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Bill Wyman writing about Martin Scorsese documentaries

I linked recently to his review of Last Waltz at Salon. This entry is just to record the page with all his writing for Salon, some great old stuff in there. 

I first noticed his writing with this excellent review of Keith Richards autobio, back in 2010 at Slate, written from the perspective of Mick Jagger. It was an amazing, eye-opening work. His focus on some practical, essential, and very neglected points in the bio (the money troubles, for instance) was instructive.

In the same vein, it is worth noting his review of another Martin Scorsese music doc, the George Harrison documentary released in 2011. Somehow I forgot to post about it when it was released. The doc is flawed but very interesting, and this harsh review is an important companion. It is hard to choose which paragraph to quote, I ended up with this:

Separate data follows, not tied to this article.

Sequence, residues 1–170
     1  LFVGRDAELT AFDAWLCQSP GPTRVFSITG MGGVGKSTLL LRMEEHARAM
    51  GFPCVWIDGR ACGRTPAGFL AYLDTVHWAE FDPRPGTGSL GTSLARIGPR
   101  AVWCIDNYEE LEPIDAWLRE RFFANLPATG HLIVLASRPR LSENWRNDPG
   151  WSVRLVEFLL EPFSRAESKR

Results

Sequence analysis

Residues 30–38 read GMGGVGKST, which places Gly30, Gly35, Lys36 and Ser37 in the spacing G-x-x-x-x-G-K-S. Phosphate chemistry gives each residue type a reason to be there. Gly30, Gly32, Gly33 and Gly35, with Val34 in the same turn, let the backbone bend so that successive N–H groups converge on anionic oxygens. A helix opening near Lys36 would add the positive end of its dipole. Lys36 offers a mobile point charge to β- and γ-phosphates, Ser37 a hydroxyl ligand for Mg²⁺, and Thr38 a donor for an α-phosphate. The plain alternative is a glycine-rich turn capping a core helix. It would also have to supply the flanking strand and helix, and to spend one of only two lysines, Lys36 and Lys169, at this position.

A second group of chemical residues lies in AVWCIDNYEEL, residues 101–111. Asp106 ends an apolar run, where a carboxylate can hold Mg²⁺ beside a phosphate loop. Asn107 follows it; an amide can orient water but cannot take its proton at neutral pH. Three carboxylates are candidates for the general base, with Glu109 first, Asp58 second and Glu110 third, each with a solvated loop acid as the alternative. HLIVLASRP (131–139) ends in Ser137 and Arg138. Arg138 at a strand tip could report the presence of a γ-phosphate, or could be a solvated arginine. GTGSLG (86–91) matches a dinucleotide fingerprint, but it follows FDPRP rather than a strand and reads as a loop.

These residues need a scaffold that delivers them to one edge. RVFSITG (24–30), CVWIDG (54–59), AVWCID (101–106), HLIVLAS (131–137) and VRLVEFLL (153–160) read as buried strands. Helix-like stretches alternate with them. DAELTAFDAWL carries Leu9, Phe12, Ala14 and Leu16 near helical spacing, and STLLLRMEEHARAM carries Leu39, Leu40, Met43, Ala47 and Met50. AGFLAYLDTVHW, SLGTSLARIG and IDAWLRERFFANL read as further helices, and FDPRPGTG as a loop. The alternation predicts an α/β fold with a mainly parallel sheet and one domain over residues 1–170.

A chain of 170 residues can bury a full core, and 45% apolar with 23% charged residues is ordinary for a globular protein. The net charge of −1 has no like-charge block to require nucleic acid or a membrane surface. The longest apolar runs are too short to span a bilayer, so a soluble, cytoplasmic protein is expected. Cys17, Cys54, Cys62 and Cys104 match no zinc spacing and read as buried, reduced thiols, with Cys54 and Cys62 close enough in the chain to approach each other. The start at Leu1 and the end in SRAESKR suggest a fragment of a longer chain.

Finally, the film really never investigates the real mystery of Harrison: What was he so morose about? Now, Ringo Starr is one who appreciates the cosmic joke life played on him. He has a cheerful acceptance of life’s whimsy, hiding what no doubt has been his daily prayers since circa 1963: “Please, God, I don’t know what a goofball like me did to deserve this life, but thank you very much, and please let me know if I’m doing anything that would cause you to end it.” Harrison, by contrast, has always had a sense of the aggrieved about him. I just don’t know what the source of it was. In Harrison’s mini-autobiography at the front of I Me Mine, the unasked-for collection of his song lyrics, he seems mostly unhappy about … the travel indignities he suffered during the Beatles years. In the documentary, Scorsese plays the price-of-fame card heavily. “It’s fun,” Starr says, “early on. But then you want it to stop, and it never does.”

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